Stephanie Rapkin is a white woman who is facing charges of battery and disorderly conduct after multiple videos surfaced of the 64-year-old attorney spitting on a black teenage boy during a protest in Shorewood, Wisconsin, on Saturday afternoon, according to WISN.
The incident has been circulating on social media.
Rapkin was arrested again on Sunday after a confrontation with protesters outside her home and police are now seeking additional charges of battery, disorderly conduct, battery to a law enforcement officer and resisting/obstructing an officer. According to Shorewood Police, Rapkin was caught on video pushing a protester and then “kneed a police officer in the groin when they tried to arrest her,” the Journal Sentinel reported.
Rapkin Parked Her Car in the Street in an Attempt to Stop the Protests
According to TMJ4 News Milwaukee, the Shorewood Police Department received a report that a woman spat on a victim during a confrontation at about 5 p.m. on Saturday on Oakland Avenue.
Urban Milwaukee states that prior to the confrontation, Rapkin parked her car in the middle of North Oakland Avenue in an attempt to “obstruct the marches.”
In the video above, which shows the moments leading up to the incident, Rapkin is seen arguing with another woman. When a young male protestor who was walking in Rapkin’s direction approaches her, cupping his hands around his mouth to yell something, she spits on his face.
In the seconds after the confrontation, Rapkin holds her purse tightly to her chest and yells, “Don’t touch me.”
Neither Rapkin nor the victim, who is unidentified at this time, was wearing a mask during the confrontation, though the victim had one around his neck.
On Twitter, Wisconsin State Representative David Bowen, who attended the Shorewood march, called for Rapkin to lose her license.
Rapkin Clashed With Protesters Outside Her Home Sunday
Following the spitting incident on Saturday, protesters chalked messages on the sidewalk outside Rapkin’s home on Sunday, including “Hate has no home here” and “I spit on a child.” Rapkin confronted those gathered and was caught on video pushing a man, saying she was “explaining” what had happened the previous day. A bystander can be heard in the video saying, “Call the police.”
According to a press release from the Sherwood Police Department, “the victim reported the suspect then slapped both of her hands on the victim’s chest and physically pushed him.” Rapkin then went back into her house, police said, where they were able to make contact with her “after numerous unsuccessful attempts.” After informing her that she was under arrest, “the suspect became physically resistive with officer’s attempts to place her in handcuffs … [and] also struck one of the arresting officers by kneeing him in the groin.”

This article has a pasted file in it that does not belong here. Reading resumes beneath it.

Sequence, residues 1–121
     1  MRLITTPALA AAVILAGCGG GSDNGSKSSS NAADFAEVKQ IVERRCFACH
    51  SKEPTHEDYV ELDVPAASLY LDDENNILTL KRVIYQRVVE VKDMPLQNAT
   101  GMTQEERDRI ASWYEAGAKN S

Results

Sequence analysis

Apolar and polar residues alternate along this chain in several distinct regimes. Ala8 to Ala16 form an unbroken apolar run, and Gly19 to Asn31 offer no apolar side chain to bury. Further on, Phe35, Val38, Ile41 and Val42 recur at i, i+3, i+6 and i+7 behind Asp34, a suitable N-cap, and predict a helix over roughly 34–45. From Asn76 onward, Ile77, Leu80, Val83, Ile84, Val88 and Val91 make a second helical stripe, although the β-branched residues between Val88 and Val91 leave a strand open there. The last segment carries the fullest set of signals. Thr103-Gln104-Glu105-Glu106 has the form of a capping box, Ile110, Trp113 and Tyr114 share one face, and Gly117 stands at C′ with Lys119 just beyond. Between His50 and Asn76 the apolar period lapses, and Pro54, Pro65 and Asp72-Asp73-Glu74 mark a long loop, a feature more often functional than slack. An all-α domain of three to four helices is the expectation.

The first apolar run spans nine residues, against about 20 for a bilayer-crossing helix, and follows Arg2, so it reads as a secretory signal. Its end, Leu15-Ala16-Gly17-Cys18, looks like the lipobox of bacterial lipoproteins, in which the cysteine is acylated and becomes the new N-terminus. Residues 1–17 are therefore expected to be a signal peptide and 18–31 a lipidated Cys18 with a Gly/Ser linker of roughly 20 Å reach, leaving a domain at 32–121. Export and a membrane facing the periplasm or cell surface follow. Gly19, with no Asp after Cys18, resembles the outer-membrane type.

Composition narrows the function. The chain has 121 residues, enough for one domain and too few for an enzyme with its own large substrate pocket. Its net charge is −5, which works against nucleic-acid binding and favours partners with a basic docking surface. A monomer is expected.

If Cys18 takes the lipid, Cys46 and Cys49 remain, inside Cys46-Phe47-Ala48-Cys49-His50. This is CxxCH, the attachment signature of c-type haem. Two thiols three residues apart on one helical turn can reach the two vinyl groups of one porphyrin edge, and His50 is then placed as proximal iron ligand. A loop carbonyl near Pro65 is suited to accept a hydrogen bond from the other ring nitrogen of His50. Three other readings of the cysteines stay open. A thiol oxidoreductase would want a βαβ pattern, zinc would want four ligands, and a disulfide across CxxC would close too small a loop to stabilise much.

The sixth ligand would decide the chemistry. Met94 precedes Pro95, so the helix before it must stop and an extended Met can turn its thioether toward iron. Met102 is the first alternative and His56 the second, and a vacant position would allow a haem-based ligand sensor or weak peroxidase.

Although the Milwaukee County Jail would not take Rapkin on Saturday following the first incident with protesters due to COVID-19 restrictions, police said, the Milwaukee County Sheriff’s Office opted to detain Rapkin at the jail following Sunday’s arrest.
Rapkin Is a Real Estate Attorney in Wisconsin
Rapkin was licensed to practice law in Wisconsin in 1982 and subsequently obtained a master’s degree in taxation. The “About Me” section on her website reads, “She has written a number of law journal articles and specialty articles for electronic legal journals. She has taught both continuing legal education courses in estate planning and tax for practicing attorneys and university courses in probate law and business law.”
Justia Lawyers reveals that Rapkin attended DePaul College of Law and graduated in 1992.
Rapkin’s LinkedIn profile, which has become unavailable since the incidents caught on video, stated that she is the author of the book Estate Freezes: Tools and Techniques. She has also written for legal journals including The Journal of Taxation, Trust & Estates, Estate Planning and Taxes: The Tax Magazine.
As a guest lecturer, Rapkin has taught at Marquette’s law school. She was an adjunct at the University of Wisconsin-Milwaukee. In a statement, the University of Wisconsin-Milwaukee told Heavy, “Stephanie Rapkin taught part-time at UWM in the mid-1990s, but she has not been affiliated with the university for more than two decades. The university is dismayed by her recent actions, which are contrary to everything UWM stands for. Respect for diversity and free speech are among UWM’s core values.”
Saturday marked the ninth day of protests in Milwaukee, which have been described by the Milwaukee Journal Sentinel as, overall, “peaceful.”
The mayor of Wauwatosa, Wisconsin, said on Friday that he “welcomes” the protests that have taken place in the city. The outlet reported Mayor Dennis McBride as saying, “We welcome those protests as a legitimate expression of the rights to free speech and peaceful assembly enshrined in the First Amendment to the U.S. Constitution. … We have heard the calls for meaningful change.”
Heavy has reached out to the Shorewood Police Department for comment.
This piece will be updated with more information as it becomes available.